// Precondition in ngraph::function.
    // Created TensorIterator and Parameter in body of TensorIterator with names
    std::string tensor_iterator_name = "TI_name"
    std::string body_parameter_name = "param_name"
    std::string idx = "0"; // it's a first variable in the network
    // The State will be named "TI_name/param_name/variable_0"
    auto state_name = tensor_iterator_name + "//" + body_parameter_name + "//" + "variable_" + idx;
    InferenceEngine::CNNNetwork cnnNetwork = InferenceEngine::CNNNetwork{function};
    InferenceEngine::ExecutableNetwork executableNetwork = core->LoadNetwork(/\*cnnNetwork, targetDevice, configuration\*/);
    // Try to find the Variable by name
    auto states = executableNetwork.QueryState();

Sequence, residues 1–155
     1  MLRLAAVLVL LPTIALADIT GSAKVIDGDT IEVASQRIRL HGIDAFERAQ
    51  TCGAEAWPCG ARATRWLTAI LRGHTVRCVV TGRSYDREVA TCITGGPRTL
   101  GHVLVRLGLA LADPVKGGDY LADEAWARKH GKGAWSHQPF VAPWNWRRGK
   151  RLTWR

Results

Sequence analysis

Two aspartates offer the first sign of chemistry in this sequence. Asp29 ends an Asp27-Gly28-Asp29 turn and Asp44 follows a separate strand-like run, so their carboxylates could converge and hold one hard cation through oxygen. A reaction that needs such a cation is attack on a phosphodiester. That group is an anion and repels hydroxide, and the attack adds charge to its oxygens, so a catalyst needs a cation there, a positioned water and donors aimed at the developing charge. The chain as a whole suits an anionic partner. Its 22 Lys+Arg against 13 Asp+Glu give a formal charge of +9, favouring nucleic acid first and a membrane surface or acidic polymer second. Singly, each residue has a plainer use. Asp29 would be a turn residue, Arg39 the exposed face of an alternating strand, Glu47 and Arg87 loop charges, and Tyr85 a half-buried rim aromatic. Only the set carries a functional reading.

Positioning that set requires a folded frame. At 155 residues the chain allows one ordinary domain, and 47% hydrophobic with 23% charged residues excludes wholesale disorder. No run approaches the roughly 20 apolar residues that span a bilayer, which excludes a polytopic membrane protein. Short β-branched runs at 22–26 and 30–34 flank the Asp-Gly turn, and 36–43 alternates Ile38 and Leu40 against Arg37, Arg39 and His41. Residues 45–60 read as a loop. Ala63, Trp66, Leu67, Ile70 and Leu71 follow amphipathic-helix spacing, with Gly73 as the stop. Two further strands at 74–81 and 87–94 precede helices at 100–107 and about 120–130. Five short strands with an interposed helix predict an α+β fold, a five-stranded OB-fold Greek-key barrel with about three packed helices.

for (auto& state : states) {
       auto name = state.GetName();
       if (name == state_name) {
          // some actions
  4. Use state API. See the OpenVINO state API and the Example of stateful network inference sections.

Known Limitations

  1. Unable to execute the Reshape feature to change the number iterations of TensorIterator / Loop layers to apply the transformation correctly.

    The only way to change the number iterations of TensorIterator / Loop layer is to use the Reshape feature. However, networks can be non-reshapable. The most common reason is that the value of shapes is hardcoded in a constant somewhere in the network.


    Current solution: